Unemployment At 34-Year High

The U.S. economy suffered another blow when the Labor Department released its January employment report, showing U.S. employers cut a total of 598,000 jobs last month, pushing the unemployment rate to 7.6 percent. The latest job report is the worst since December 1974, and total jobs losses are 1.8 million. More than 3.6 million jobs have been lost in the last year.

The latest job losses top the forecast made earlier by economists surveyed by Briefing.com. The unemployment rate is now at the highest level since September 1992. This report also shows that people are having trouble finding work. The report says that 2.6 million have been out of work for more than six months, the most long-term unemployed since 1983. This report only includes those who are continuing to seek work. The underemployment rate, the number that includes those who have given up looking and those only working part-time who want full time positions, jumped to 13.9 percent from 13.5 percent in December.

January job losses were across the board, with the manufacturing industry laying off 207,000 jobs, construction dropping 111,000 jobs, and business and professional services cutting 121,000 positions. Big companies including Microsoft (MSFT) , Boeing, (BA) Caterpillar (CAT), Home Depot (HD) and Starbucks (SBUX) all slashed jobs.

Retailers also cut 45,000 workers, with Macy's announcing it was slashing 7,000 positions. Leisure and hospitality sector saw 28,000 cut. The only areas that saw minor increases were education, health services and government positions.

Executive Pay Caps Set forTARP-Funded Banks

President Barack Obama has imposed $500,000 caps on senior executive pay for the most distressed financial institutions receiving federal investment money. Obama made the announcement saying Americans are upset with executives being rewarded for failure.

The President's executive pay limits are only the first of many changes that will come next week to the bailout plan, along with Treasury Secretary Timothy Geithner's sweeping new framework that will change how the rest of the $700 billion financial industry funding is spent.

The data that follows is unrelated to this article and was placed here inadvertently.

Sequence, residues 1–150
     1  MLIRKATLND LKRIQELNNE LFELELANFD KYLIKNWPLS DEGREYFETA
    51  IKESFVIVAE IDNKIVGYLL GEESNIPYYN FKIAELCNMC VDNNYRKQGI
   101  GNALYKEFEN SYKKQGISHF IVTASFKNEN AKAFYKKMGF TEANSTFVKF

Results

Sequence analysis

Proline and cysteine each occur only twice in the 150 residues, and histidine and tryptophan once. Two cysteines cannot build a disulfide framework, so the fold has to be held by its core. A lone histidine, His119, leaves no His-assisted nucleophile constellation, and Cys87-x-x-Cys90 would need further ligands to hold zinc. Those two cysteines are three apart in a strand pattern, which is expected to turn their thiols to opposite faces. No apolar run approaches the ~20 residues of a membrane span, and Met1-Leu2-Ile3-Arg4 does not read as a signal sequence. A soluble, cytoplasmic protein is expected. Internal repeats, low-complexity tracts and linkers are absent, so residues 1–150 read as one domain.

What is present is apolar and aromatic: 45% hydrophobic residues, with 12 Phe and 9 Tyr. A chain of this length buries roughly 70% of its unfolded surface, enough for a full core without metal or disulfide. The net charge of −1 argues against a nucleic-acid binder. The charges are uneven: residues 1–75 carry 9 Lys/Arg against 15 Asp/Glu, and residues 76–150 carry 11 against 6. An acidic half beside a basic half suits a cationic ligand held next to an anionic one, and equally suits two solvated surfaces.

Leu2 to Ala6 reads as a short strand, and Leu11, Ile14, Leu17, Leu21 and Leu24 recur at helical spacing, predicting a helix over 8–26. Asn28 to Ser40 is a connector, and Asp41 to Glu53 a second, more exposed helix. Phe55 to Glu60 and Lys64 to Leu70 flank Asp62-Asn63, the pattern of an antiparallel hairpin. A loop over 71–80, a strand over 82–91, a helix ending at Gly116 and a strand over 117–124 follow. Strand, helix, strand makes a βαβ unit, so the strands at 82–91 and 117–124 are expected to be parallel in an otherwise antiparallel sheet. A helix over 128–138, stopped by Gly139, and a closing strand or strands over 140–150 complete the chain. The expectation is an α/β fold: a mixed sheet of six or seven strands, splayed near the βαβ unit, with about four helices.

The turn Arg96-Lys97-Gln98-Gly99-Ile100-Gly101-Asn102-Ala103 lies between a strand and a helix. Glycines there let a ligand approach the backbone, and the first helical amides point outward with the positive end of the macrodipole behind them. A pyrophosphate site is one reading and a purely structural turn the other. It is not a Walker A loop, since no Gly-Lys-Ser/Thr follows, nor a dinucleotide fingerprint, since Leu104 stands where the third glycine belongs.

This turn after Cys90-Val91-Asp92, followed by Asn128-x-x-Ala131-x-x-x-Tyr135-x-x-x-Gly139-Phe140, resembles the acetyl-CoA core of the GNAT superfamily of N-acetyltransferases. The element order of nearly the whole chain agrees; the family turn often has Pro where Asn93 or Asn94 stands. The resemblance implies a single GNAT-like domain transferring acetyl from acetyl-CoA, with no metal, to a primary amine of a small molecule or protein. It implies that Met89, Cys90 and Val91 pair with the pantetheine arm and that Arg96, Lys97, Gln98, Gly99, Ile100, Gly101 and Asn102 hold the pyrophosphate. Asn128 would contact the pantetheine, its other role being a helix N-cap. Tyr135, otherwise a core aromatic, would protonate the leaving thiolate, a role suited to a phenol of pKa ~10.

The executive pay caps come after the huge public outcry over news of Wall Street firms paying out more than $18 billion in bonuses in 2008, despite many of their firms losing billions and laying off thousands of workers -- and some of those firms accepting federal bailout money.

The pay cap applies to institutions that negotiate agreements with the Treasury Department for exceptional assistance in the future. The restriction would not apply to such firms as American International Group, Bank of America, and Citigroup that already have received federal funds.

Firms that want to pay executives above the $500,000 threshold would have to use stock that could not be sold or liquidated until they pay back the government funds.

Overpriced Stocks, Assets in TARP

The Congressional Oversight Panel says the federal government overpaid for stocks and other assets when aiding financial institutions last year during the government bank bailout. Elizabeth Warren, chair of the panel told the Senate Banking Committee on Thursday that Treasury paid $254 billion and only got assets worth about $176 billion.

These numbers were determined after studying 10 government transactions, comparing the price paid by Treasury and the value of the asset at the time it was sold. The panel's full report is being released today.

There were some positives in the panel's report. Banks that have received federal money are expected to pay more than $1.5 billion in dividends by the end of February. Even with this news watchdogs and lawmakers continue to be chagrined at the implementation of the Troubled Asset Relief Program (TARP) and are criticizing spending decisions by the Bush administration and former Treasury Secretary Henry Paulson.

New Treasury Secretary Timothy Geithner will put the Obama administration's plans on the remaining money in the bailout plan next week with a framework for helping banks, loosening credit and moving to reduce foreclosures. The plan will also include accountability measures and more transparency to show where the taxpayer money is being spent and how effective it is on improving the state of the financial systems and the economy.


About the Author

Linda McGlasson

Linda McGlasson

Managing Editor

Linda McGlasson is a seasoned writer and editor with 20 years of experience in writing for corporations, business publications and newspapers. She has worked in the Financial Services industry for more than 12 years. Most recently Linda headed information security awareness and training and the Computer Incident Response Team for Securities Industry Automation Corporation (SIAC), a subsidiary of the NYSE Group (NYX). As part of her role she developed infosec policy, developed new awareness testing and led the company's incident response team. In the last two years she's been involved with the Financial Services Information Sharing Analysis Center (FS-ISAC), editing its quarterly member newsletter and identifying speakers for member meetings.




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